A dozen or more small dairy farmers in Lebanon and Lancaster counties have learned they must find a new milk processor within 90 days.
It comes at a time when processors say there is a glut of milk on the market, and not enough customers.
Two of the affected farmers, Alisha and John Risser of South Lebanon Township, say they have contacted eight processors, with six saying they didn’t need any more milk suppliers, and two not returning the call.
“We’re overwhelmed,” Alisha Risser, 39, said on Tuesday. “We’re setting up an exit plan … We don’t know what else to do.”
She and her husband John, who is 45, milk 80 cows per day on farm that has been in the family for generations. They have four children.
The Rissers received a certified letter on Saturday informing them Swiss Premium Dairy in Lebanon County would stop purchasing their milk after 90 days.
Nelson Troutman, a Lebanon County dairy farmer who does business with a different processor, said he believes between 12 and 15 dairy farmers in Lebanon and Lancaster counties received such a letter. Many are younger farmers with families, he said.
A woman who answered the phone at Swiss Farms on Tuesday said no one there could discuss the situation. Swiss Farms is owned by Texas-based Dean Foods. A Dean Foods spokeswoman didn’t immediately return a phone message on Tuesday.
Dairy Heard Management, a trade publication, published an article Monday reporting that Dean Foods has informed at least two dozen milk producers in Pennsylvania, Kentucky, Tennessee, North Carolina and Ohio that it won’t be taking their milk after May 31.
A Dean Foods spokeswoman told the publication the decision is due in part to “a surplus of raw milk at a time when the public already is consuming less fluid milk and companies assertively entering or expanding their presence in the milk processing business, have exacerbated an already tenuous situation in a highly competitive market.”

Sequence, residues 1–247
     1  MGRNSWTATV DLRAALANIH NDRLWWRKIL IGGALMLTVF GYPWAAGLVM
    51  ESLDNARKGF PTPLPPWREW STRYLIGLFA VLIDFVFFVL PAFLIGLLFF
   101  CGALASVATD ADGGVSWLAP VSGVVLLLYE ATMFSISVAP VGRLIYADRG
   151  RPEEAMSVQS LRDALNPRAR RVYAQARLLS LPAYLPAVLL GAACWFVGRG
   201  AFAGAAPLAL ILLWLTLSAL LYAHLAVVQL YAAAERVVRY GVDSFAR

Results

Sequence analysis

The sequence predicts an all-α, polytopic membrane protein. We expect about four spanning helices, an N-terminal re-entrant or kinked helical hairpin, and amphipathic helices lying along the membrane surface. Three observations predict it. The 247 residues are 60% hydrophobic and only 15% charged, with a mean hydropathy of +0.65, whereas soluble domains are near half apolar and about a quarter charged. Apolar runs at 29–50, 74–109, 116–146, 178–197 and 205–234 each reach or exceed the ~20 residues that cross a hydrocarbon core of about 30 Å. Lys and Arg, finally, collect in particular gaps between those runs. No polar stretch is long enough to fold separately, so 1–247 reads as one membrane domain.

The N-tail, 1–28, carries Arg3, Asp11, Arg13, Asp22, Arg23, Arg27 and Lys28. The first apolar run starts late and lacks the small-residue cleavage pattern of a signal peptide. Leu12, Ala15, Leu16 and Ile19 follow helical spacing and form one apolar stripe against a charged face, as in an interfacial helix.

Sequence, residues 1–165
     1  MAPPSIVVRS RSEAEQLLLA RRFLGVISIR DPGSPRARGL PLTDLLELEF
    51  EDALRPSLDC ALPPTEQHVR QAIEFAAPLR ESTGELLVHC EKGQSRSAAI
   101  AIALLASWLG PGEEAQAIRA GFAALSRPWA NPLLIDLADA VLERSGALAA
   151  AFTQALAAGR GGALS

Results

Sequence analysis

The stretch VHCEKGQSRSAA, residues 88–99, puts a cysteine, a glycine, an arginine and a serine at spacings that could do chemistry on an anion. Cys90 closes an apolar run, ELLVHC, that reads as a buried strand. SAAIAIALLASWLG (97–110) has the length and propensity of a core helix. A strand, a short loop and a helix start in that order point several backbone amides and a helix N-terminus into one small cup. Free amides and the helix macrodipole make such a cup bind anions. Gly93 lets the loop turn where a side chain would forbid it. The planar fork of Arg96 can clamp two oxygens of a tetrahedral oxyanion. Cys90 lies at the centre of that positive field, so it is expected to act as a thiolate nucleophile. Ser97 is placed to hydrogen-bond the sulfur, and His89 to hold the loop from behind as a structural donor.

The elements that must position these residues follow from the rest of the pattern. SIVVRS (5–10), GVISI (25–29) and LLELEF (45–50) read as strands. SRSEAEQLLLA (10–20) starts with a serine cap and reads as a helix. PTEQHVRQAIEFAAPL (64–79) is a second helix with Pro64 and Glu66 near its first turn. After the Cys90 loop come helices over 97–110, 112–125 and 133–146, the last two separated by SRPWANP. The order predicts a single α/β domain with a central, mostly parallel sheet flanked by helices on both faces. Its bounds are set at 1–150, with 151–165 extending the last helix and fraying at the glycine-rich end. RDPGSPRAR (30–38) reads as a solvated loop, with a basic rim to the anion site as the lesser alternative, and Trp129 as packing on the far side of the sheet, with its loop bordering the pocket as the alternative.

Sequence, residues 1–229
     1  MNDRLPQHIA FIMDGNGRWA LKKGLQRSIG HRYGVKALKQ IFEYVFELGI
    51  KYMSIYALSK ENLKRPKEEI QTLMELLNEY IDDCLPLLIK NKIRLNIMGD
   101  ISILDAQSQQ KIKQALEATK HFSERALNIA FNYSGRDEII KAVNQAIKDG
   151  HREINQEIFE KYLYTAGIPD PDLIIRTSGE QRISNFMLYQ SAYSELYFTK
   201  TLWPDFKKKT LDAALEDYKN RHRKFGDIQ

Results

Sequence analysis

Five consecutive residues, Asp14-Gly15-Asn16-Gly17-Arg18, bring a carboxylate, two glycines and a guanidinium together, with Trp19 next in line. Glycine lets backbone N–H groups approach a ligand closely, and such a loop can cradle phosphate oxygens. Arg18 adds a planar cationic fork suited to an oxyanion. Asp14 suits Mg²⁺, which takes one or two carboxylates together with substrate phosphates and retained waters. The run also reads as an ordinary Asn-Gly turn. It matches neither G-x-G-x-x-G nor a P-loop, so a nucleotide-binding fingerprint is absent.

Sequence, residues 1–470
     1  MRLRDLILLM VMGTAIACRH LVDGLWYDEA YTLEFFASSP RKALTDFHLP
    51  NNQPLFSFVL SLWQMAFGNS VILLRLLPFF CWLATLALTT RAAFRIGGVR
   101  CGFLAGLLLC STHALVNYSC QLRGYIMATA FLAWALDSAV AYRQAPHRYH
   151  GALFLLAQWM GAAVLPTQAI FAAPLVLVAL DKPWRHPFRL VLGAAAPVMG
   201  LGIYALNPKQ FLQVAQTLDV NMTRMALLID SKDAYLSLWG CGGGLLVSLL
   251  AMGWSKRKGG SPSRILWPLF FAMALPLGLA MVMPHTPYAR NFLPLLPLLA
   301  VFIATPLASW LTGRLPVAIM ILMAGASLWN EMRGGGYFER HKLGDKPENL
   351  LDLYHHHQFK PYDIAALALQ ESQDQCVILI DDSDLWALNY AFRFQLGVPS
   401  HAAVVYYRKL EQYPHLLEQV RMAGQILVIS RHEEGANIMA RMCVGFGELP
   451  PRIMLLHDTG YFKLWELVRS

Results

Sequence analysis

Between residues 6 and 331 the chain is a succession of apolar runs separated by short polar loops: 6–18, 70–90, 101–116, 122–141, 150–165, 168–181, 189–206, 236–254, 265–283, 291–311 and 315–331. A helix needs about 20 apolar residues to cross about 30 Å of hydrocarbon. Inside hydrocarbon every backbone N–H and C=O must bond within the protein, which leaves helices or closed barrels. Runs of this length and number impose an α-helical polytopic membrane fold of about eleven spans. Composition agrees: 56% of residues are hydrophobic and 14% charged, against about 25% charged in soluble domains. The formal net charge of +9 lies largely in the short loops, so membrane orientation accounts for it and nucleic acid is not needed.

Alisha Risser said she and her husband will continue to look for a processor, but acknowledged they are terribly worried and now they must have a plan in place for their cows if they have no processor and income after 90 days.
Troutman said he too fears the affected farmers will be unable to find a processor. He said it’s a problem that has been building for a long time, and he blames it on the fact that Pennsylvania has a price minimum for milk.
“That’s why all this milk is spilling into Pennsylvania from other states. They get more for their milk in Pennsylvania,” Troutman said, adding that the market is being flooded by huge operations with thousands of cows.
He said the price mimimim also cuts into the demand for milk in Pennsylvania.
Risser said she and her husband have been running their dairy farm for 17 years. She said recent years have been hard on them and other smaller dairy operations in Lebanon and Lancaster, putting some of them out of business.
“People are working two and three jobs in order to be able to milk cows,” she said.
She believes there are assorted, complicated problems facing her industry. She further said small dairy farmers such as hers invest their own money in their businesses and strive to produce a top quality produce while also protecting the land.
But they are probably hurt, she said, by the fact that they don’t market those factors, and live by the belief “that you should be satisfied by what you do and not put yourself on a pedestal.”